Tuesday, May 13, 2008

In A Word... Stunning
Quick - someone make this guy the President of Notre Dame

This past Sunday, I picked up a copy of The Latin Mass magazine at church. I'll readily admit, it's been quite awhile since I'd read a copy. And the shames on me.

For those of you who've never read such, here are two seperate tid-bits from an article entitled "Solemnity - The Crux of the Matter" by Dr. Peter A. Kwasniewski of Wyoming Catholic College.

Enjoy -- It is a smugness epitomized in the casual entrance of laymen and women into the sanctuary for lectoring or distributing communion; the faint half-elevation of the Eucharist, not to mention many other signs of shallow or absent faith in the Real Presence; the overall chummy feeling, the "sign of peace," the lack of silence before or after Mass; the verbal top-heaviness that makes of God a small and tame object ready to be conjured and controlled, ready for a relationship on equal terms at best.In reality, the most unwashed,unlettered medieval peasant knew better what was happening in the lofty sanctuary of his lofty church - the peasant who knew, in part from the stained glass windows whose beauty and intricacy still cause us to marvel, that "God died for me, the Blood of Jesus washes away my sins, and all this is wondrously present at the Mass" - than does many a modern parishioner sitting in his whitewashed church of angular artifacts, who does not clearly confess the Real Presence of our Lord in the Eucharist, who confuses sentimentality with charity and sing-alongs with prayer.


Blogger PreVat2 said...

I've subscribed to "The Latin Mass: The Journal of Catholic Culture & Tradition" since the late 1990s. It is one of the best traditional reads available. I would also recommend "The Remnant" newspaper, "The Angelus: A Journal of Roman Catholic Tradition" magazine (SSPX) and the "New Oxford Review." All give a true overview of the vast traditional mind in the U.S. and around the globe.

9:14 AM  
Blogger Kit said...

Cavey -

I've got one for ya of the truth-is-stranger-than-fiction ilk here in the DOR: 2 weeks ago, we went to Mass and there was apparently some confusion re: scheduling. About 10 people went scurrying up to be EM's (with MAYBE 200 in total attendance)and it got nasty. Two women were hissing and whipsering at each other about who was really supposed to be up there, and both refused to leave. I guess they forgot what and Who was really important up there at the altar.

When the priest was passing out the vessels and ran out, a few others, looking distinctly annoyed, excused themselves and harrumphed back to their seats. It was like watching a car wreck. People were giggling in the pews. Just ridiculous.

Father apologized for the scheduling error at the end of Mass. (Should he have had to? Sheesh.)

This is why I call them "Excessive Ministers." And it ain't the first time I've seen near cat-fights break out, either - sadly, it's the women who are the worst. The egos, the self importance. Ack.

We're going to the local Byzantine rite church this weekend. It's getting harder and harder to stomach what goes on around here.

11:07 AM  
Blogger PreVat2 said...

My question to anyone reading this blog: Why does the Novus Ordo need EMs? Please, anyone?

To put it bluntly, they could be used to take the Host to those in hospital. But at Mass? Why not let the priest and deacon distribute the Host only? (Forget the chalice. No need to. We're not Protestants!)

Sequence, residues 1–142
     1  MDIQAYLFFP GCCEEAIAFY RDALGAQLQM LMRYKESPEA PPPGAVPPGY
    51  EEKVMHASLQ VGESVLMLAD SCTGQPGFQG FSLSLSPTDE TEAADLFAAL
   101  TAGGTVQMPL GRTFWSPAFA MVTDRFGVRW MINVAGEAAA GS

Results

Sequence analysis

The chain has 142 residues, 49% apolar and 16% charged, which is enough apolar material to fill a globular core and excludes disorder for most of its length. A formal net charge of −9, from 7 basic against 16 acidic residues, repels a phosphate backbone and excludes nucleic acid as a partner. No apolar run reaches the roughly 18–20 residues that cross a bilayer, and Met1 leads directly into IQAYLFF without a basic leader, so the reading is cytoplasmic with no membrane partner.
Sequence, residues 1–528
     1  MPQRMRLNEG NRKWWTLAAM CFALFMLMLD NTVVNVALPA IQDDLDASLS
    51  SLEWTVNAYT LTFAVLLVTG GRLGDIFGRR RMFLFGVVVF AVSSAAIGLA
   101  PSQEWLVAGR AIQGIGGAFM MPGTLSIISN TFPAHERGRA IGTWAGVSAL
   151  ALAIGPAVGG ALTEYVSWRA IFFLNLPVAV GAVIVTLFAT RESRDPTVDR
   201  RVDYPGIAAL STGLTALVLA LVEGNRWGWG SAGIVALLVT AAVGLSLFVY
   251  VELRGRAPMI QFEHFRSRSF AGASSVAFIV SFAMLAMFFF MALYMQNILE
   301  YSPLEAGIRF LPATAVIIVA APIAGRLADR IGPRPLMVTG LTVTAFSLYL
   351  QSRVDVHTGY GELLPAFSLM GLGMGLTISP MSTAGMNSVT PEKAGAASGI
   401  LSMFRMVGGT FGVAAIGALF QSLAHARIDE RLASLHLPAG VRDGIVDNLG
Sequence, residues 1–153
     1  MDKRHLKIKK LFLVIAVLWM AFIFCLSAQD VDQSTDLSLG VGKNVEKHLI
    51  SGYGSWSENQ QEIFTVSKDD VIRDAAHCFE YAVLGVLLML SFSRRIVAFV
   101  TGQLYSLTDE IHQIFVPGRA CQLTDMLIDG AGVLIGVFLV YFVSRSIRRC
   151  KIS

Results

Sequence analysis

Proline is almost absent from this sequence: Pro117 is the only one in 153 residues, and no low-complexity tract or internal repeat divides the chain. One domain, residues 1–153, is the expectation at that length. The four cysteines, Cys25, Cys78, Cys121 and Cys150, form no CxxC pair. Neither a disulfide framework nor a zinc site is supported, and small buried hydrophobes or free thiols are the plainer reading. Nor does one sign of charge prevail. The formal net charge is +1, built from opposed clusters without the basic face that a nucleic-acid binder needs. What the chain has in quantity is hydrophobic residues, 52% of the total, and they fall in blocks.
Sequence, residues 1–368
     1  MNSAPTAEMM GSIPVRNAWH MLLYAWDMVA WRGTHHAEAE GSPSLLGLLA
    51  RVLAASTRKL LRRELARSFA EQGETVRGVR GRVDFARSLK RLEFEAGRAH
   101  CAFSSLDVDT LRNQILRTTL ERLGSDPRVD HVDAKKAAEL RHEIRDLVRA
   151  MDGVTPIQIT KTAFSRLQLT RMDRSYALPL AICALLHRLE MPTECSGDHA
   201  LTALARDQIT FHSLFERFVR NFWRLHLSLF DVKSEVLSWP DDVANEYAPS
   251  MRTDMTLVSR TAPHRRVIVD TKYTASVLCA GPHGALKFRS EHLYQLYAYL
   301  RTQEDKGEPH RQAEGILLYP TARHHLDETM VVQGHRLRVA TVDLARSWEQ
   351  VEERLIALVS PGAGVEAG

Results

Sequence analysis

You can't tell me that the Novus Ordo "Conga Line" takes any more time then the Extraordinary form at the altar rail.

Would like to hear any reasons why EMs are needed at Mass, at ANY time???

12:14 PM  
Blogger VSO said...

Amen to that PreVat2!

12:59 PM  
Blogger Joe of St. Thérèse said...

preat2: They're not, plain and simple.

7:14 PM  
Blogger Joe of St. Thérèse said...

I'm also in with Communion under one kind.

7:16 PM  
Anonymous Anonymous said...

This past Lent my parish had "small group reflections" where small groups of us would gather in a volunteer host's home. It was OK, but it wasn't anything to write home about.

Anyway, I missed the last one, but my wife went. The discussion was what does the Eucharist mean to us? Correctly, my wife stated that the Eucharist is the Real Presence of Jesus, Body, Blood, Soul, and Divinity. One lady, an ultra-lib lawyer type, responded that what my wife said "disturbed her" because to her communion was all about "coming together in unity". My wife told me that what is really disturbing is that someone feels that way about a fundamental dogma of the faith.

We're in trouble.

Oh, as for EMs, I was one for a while, but no one in the parish could clean the vessels properly. (I was the Catholic Lay Minister for my submarine, and after being personally trained by the base Catholic chaplain, I would take the Blessed Sacrament to sea, so I know how to properly do this). They would just drop the unpurified vessels into the sacrarium and fill it right up with soap and water "because it had the drain stopper". Ayiyiyi! Even if I gently corrected them, the other EM would get all pissy. At one point I was making sure that when I was an EM, I took care of it. After about a year of this, I was so scandalized I quit. A while later they changed the rule about who could clean the vessels. It was an answer to prayer.

7:52 PM  
Blogger Former Altar Boy said...

I've been to Masses where the priest sat down after given Holy Communion to the EMs and let them distribute to the congregation. I agree with PreVat2 -- other than carrying the Holy Eucharist to shut-ins, EMs are NOT needed and actually preempt the role of the priest and, at the same time, add to downgrading of belief in the Real Presence.

10:39 AM  

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